As a side note, my family owns a farm that a mile or so of a corridor trail runs through. I would put up signs giving people permission to tear up the powder in our fields without hesitation. The issue is that I don't want to put my family in a position where they are responsible should someone hurt themselves off in that powder.

Maybe an insurance expert, or legal expert could chime in on this one -

if I give permission (by way of a trailside sign) for people to go off-trail on my property, am I at risk?[/b]
Interesting idea and one that just might help as you suggest. I think the ski areas are an example of this. Years ago they had problems w/ fast skiing and people jumping/doing tricks. So they developed terrain parks and that has helped some w/ the problems (not to mention if someone gets hurt they have a better argument in court that the person assumed the risks).

I'm not an expert but if you have the club put up the signs allowing access to that part of your land I would think the VAST insurance would cover you. But, the best way to find out is to ask the club (who will ask the county or VAST). Can't hurt to ask and seems like a reasonable idea.
 

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Interesting idea and one that just might help as you suggest. I think the ski areas are an example of this. Years ago they had problems w/ fast skiing and people jumping/doing tricks. So they developed terrain parks and that has helped some w/ the problems (not to mention if someone gets hurt they have a better argument in court that the person assumed the risks).

I'm not an expert but if you have the club put up the signs allowing access to that part of your land I would think the VAST insurance would cover you. But, the best way to find out is to ask the club (who will ask the county or VAST). Can't hurt to ask and seems like a reasonable idea.[/b]

Back when I was in high school, I "built" 2 side by side drag strips that were about 800ft long, right off the trail in one of our fields. I thought people would love to play on those for a while, on their way through. However, since most people are so good about staying on the trails, I didn't see anyone use them. Its too bad. They were packed hard, and groomed smooth.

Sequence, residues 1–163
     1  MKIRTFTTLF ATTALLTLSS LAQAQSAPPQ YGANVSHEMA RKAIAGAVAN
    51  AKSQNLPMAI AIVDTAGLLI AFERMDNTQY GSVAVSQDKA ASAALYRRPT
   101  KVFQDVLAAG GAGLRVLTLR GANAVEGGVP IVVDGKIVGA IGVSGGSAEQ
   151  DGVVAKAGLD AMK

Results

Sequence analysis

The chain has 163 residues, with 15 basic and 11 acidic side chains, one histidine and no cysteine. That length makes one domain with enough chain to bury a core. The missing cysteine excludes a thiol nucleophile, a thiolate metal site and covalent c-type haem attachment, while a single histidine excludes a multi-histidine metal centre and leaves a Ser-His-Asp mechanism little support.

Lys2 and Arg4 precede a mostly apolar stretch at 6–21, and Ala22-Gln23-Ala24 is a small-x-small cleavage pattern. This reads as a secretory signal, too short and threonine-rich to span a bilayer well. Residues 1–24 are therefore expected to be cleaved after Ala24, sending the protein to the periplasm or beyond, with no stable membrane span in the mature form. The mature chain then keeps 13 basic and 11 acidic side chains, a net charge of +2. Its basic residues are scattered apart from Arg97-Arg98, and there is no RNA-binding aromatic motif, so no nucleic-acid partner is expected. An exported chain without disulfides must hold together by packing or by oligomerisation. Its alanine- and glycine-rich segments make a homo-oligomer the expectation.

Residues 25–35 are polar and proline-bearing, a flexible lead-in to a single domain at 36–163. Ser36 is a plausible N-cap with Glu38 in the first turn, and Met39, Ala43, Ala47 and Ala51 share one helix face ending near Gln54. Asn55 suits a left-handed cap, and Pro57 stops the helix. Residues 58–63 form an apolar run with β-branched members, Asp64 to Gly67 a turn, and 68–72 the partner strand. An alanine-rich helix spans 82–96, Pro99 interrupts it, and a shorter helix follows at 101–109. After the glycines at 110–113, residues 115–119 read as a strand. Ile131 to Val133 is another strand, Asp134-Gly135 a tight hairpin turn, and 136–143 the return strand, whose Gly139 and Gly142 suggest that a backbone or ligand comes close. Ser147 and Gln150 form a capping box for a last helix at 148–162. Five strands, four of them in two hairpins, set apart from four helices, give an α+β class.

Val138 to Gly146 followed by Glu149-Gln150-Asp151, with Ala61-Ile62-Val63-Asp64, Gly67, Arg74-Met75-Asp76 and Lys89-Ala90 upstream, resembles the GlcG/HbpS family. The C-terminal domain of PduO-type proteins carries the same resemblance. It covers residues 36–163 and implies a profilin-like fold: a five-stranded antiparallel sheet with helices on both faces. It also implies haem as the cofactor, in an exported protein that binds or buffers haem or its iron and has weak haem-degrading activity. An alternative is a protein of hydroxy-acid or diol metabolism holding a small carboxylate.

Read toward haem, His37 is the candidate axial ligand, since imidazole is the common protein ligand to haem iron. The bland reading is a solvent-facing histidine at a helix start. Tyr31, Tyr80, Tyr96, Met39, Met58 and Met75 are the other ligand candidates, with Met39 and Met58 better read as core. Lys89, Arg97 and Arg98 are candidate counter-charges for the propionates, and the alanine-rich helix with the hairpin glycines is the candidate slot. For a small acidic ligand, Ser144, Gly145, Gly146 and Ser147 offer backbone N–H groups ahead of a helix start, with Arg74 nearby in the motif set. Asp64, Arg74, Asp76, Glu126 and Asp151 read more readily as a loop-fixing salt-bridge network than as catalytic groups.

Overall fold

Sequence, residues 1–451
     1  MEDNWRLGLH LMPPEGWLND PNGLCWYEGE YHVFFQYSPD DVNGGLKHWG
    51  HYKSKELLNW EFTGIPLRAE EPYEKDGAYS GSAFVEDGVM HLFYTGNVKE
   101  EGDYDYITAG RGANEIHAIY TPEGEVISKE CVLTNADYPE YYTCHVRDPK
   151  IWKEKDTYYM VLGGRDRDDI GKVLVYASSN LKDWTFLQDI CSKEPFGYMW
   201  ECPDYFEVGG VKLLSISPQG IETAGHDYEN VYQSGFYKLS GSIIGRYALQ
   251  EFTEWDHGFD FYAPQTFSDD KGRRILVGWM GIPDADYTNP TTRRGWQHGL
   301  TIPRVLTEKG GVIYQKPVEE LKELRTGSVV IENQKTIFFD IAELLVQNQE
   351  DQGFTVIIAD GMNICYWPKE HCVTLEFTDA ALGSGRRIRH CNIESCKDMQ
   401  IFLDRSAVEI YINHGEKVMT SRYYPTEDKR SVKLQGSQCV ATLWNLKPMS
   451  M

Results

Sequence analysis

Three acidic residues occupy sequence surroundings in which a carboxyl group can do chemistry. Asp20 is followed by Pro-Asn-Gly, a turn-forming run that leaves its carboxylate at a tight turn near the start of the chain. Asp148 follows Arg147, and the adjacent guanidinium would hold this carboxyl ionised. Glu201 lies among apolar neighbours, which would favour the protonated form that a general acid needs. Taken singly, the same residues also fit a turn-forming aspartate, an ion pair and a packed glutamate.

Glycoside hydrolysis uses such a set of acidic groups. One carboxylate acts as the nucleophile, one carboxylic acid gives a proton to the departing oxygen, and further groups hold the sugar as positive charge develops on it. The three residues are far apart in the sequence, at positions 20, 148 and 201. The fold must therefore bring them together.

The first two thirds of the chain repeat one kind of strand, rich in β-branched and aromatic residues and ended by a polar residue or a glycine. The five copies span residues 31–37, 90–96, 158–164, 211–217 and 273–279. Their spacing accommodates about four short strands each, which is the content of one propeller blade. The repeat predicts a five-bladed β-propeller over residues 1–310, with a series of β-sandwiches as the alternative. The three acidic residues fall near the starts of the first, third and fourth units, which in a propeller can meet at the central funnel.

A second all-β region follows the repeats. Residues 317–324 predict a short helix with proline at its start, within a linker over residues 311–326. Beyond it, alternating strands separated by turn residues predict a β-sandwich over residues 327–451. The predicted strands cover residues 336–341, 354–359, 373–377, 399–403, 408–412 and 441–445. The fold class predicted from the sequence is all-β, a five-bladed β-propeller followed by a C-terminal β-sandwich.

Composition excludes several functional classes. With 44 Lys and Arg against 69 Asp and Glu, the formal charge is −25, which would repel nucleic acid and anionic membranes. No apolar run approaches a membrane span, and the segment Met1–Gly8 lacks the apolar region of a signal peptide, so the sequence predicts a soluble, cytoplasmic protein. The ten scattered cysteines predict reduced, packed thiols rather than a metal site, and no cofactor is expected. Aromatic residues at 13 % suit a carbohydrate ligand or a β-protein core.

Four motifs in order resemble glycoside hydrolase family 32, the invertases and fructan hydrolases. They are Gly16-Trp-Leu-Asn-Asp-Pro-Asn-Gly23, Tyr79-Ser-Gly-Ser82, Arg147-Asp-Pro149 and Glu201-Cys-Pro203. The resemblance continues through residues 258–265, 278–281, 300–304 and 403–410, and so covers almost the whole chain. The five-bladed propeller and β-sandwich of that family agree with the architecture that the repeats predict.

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Well, here's the answer. Ms. Norwalk took the time to give some good advice here. I guess I won't be putting any "off-trail allowed" signs on our farm after all...



Hi Pete,

Thanks for the email and for the positive post.

Vermont has several statutes protecting private landowners that allow recreational opportunities on their land. As long as the landowner does not charge a fee to use/access their property, they shall not be liable for any property damage or personal injury. For more specific information, you can refer to Title 12, Chapter 27, Acceptance of Risk by the User, Title 10, Chapter 20, Landowner Liability and Title 23, Chapter 29, Operation on & Across Private Lands.



In the case that you open up a “play area” on your property, you would be covered under the first statute referenced, however you are increasing your liability as it is not part of the designated VAST trail system. The first statute states that you cannot successfully sue a landowner for injuries sustained as a result of the risk inherent to snowmobiling, etc. However in the event they try to sue you, VAST wouldn’t be able to cover the legal expenses under our trails liability insurance. You may be better off not posting any specific signs referencing the area, rather keep it open for locals and by word of mouth. It’s really unfortunate that the world has become “sue-happy”.



Hope this helps, please let me know if you have further questions.



Think snow,



Alexis C. Nowalk

VAST Trails Administrator

(802) 229-0005 x13